When the very end of the movie played out on the big screen that night, I cried.

Partly because of the story, but also because it was the end.

The end of something I really loved and got to share with my little girl.

I still get emotional when I see the end of that movie. It always take me back to those days.

Tonight, Maria and I will head to the theater together and go back in time for just a little while. Just me and her and Bella and Edward and Jacob and the gang back in Forks, under a near-constant cover of clouds…

And I’m living for it. Because I love Twilight.

I love the memories.

And I love my daughter.


Here’s the ending from Breaking Dawn II that always makes me a little emotional.

Enjoy, ❤

pelvic floor dysfunction · recovery · TMS

Where I’ve Been


Not sure if anyone out there will read this, but here’s hoping someone might find it helpful or interesting.  I’ve been wanting to write it for a long time now. I suck at writing anymore. I never make time for it, even though it’s all I really want to do.

Anyway, it feels good to be sitting here with my cup of coffee in my newly redecorated room, typing away.

I wanted to pop in to say hello again and to let you know after 10 months of suffering from scary pelvic pain, I am better.

I think…no, I KNOW…people who have no experience with pelvic pain hear that and think–huh. That sucks. But how bad can that be?

Before I had it, I had never really heard of pelvic floor dysfunction. I had no idea how or why someone would get chronic pelvic pain. And given the fact that I’ve always been a physically healthy person, I figured I was immune from ever getting something like that.

I was wrong.

Turns out I developed chronic pelvic pain created by stress and anxiety. I had what they call a hypertonic pelvic floor, meaning my muscles that compose my pelvic floor were constantly clenched until they went ballistic and started spasming. Which, if you can’t imagine what that feels like–ever have a Charley horse in your leg? Or a muscle spasm in your back? You know how that kind of pain knocks the wind out of you and brings you to your knees? It’s the same thing, but in the muscles that surround your nether-regions.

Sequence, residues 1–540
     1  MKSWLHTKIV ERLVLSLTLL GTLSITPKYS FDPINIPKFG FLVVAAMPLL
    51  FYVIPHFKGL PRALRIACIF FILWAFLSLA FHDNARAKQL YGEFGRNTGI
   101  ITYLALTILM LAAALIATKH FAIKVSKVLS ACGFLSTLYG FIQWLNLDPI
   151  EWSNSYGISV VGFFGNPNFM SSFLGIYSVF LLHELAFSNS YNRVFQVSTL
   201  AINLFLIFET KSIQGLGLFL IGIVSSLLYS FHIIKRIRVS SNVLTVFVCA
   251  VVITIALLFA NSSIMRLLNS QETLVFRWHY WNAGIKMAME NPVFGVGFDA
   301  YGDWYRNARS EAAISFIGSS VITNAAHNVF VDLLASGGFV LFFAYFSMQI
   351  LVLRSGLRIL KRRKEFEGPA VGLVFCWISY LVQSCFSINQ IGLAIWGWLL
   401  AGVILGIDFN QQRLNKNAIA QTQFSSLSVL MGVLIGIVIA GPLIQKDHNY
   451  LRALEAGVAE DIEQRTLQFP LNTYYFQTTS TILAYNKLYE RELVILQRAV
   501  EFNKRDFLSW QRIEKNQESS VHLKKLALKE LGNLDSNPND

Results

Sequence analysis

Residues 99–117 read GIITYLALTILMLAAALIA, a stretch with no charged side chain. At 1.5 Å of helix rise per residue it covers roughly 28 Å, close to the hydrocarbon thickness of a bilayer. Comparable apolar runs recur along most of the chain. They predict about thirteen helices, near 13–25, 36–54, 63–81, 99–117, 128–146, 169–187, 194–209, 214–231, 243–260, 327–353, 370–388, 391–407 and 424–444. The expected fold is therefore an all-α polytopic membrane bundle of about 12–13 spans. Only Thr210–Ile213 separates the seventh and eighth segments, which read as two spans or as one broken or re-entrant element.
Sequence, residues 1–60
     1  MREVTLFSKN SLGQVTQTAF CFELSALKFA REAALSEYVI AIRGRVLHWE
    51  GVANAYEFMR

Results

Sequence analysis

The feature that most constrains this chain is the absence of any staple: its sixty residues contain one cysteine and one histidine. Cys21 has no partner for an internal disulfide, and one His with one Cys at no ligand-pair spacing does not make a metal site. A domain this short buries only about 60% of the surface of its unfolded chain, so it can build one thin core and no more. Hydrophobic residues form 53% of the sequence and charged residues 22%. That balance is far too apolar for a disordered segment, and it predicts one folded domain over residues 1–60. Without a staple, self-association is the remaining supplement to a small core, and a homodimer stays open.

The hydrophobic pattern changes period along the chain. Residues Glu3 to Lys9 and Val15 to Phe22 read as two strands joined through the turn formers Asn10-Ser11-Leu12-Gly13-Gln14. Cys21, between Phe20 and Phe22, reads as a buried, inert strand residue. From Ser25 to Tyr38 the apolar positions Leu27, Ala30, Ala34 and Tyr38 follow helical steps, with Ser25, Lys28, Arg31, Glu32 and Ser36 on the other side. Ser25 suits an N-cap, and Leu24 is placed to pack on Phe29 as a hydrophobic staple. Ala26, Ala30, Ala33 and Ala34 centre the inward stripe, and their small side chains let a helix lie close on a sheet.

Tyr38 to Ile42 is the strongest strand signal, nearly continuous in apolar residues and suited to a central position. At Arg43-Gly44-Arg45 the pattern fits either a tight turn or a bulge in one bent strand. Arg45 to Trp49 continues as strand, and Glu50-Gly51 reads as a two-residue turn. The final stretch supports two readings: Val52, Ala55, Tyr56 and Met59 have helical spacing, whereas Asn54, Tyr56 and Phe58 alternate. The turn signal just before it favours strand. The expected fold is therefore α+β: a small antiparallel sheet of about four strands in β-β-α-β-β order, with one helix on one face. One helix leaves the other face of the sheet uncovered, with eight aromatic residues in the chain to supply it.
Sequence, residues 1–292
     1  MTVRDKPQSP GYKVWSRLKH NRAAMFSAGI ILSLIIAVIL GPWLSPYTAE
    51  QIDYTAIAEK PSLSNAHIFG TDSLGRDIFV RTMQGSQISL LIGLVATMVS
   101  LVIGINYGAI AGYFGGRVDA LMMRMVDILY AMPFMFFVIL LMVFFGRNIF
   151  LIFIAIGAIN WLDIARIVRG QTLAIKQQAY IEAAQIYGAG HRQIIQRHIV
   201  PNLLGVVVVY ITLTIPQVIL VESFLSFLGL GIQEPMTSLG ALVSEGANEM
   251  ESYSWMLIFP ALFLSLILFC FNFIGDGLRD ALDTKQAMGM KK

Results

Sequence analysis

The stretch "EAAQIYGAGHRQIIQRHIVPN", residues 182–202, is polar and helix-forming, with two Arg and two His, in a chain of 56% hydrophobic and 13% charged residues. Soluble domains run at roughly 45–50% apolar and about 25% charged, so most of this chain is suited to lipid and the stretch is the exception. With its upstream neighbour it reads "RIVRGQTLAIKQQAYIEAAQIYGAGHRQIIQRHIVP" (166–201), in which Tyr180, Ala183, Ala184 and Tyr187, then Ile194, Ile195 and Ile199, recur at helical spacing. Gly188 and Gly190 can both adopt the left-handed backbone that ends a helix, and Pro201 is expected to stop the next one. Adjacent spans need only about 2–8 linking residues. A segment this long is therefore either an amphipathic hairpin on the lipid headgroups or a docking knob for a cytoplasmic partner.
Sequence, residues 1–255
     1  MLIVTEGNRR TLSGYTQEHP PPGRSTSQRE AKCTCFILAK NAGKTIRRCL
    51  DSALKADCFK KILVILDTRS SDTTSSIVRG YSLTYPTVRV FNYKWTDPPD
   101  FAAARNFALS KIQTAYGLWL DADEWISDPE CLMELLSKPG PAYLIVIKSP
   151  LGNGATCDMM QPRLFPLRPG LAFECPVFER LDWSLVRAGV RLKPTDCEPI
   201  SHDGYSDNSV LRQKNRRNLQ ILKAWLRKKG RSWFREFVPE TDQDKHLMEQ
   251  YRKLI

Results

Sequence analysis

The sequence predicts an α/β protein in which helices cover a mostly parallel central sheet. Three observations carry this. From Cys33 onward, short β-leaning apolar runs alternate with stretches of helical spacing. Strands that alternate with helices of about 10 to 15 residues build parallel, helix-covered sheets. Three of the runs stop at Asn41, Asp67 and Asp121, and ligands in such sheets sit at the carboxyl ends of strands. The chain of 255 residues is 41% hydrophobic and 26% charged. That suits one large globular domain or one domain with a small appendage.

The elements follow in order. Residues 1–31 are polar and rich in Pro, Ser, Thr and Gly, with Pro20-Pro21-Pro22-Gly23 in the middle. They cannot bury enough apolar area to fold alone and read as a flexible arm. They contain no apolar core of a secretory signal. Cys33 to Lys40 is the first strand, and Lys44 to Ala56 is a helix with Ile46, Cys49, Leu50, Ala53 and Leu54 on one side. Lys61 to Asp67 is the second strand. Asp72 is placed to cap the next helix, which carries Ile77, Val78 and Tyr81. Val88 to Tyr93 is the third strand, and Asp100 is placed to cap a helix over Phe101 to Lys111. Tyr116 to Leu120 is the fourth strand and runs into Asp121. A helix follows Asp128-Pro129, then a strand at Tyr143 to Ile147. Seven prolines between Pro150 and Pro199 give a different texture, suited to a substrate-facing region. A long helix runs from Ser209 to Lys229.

Yes, it’s as fucking horrible as it sounds.

Just thinking about it freaks me out. My pain was so bad for so long, just remembering it now scares the heck out of me.

I went from being someone who woke up every day and did a million + things to someone who woke up and instantly thought–I don’t want this day to begin. And I’d stay in bed, sometimes all day. Because I was afraid to move. I was scared to death of the pain. I was scared of the idea of always being that way–sick and unable to do anything the way I used to and afraid I would never feel better or happy again.

I thought life as I had always known it was over.

I had a very hard time talking to anyone who wasn’t my husband or my friend who understood and had true sympathy for me. Everyone else didn’t understand, didn’t care to understand, and my tolerance for people wanting things from me–even if it was just a conversation with the “old Susan”–was non-existent. I mean, if they couldn’t help me, or even just shut up and listen, I couldn’t have anything to do with them. I was envious of people who felt fine and were able to take their lives for granted. I resented people who only wanted me in their lives when I could be the funny girl they were all used to. I know I freaked a lot of people out when I got sick.

Oh well.

I was no longer the girl I used to be. And I thought above all else I really wanted to get back to being that girl. Little did I know, my brain and my body set me on a course to intense discoveries and changes I didn’t even know (or more like didn’t want to know) I needed.

Anyway, I have to stop tip-typing away here and start getting ready to go to my in-laws to visit for my father-in-law’s birthday.

I’ll come back soon to tell you more about this experience I’ve been through. I know there are people out there who suffer with pain every day like I used to. I’d like to put my story out there so people know they can get better. I know when I was sick, I spent all day and night online, trying to find some sort of hope and camaraderie for what I was going through.

I’ll also talk about fun stuff here because I love fun stuff and today I can enjoy fun stuff once again.

Speaking of fun stuff, I’m off to do all kinds of it today.  So I’ll talk to you again soon.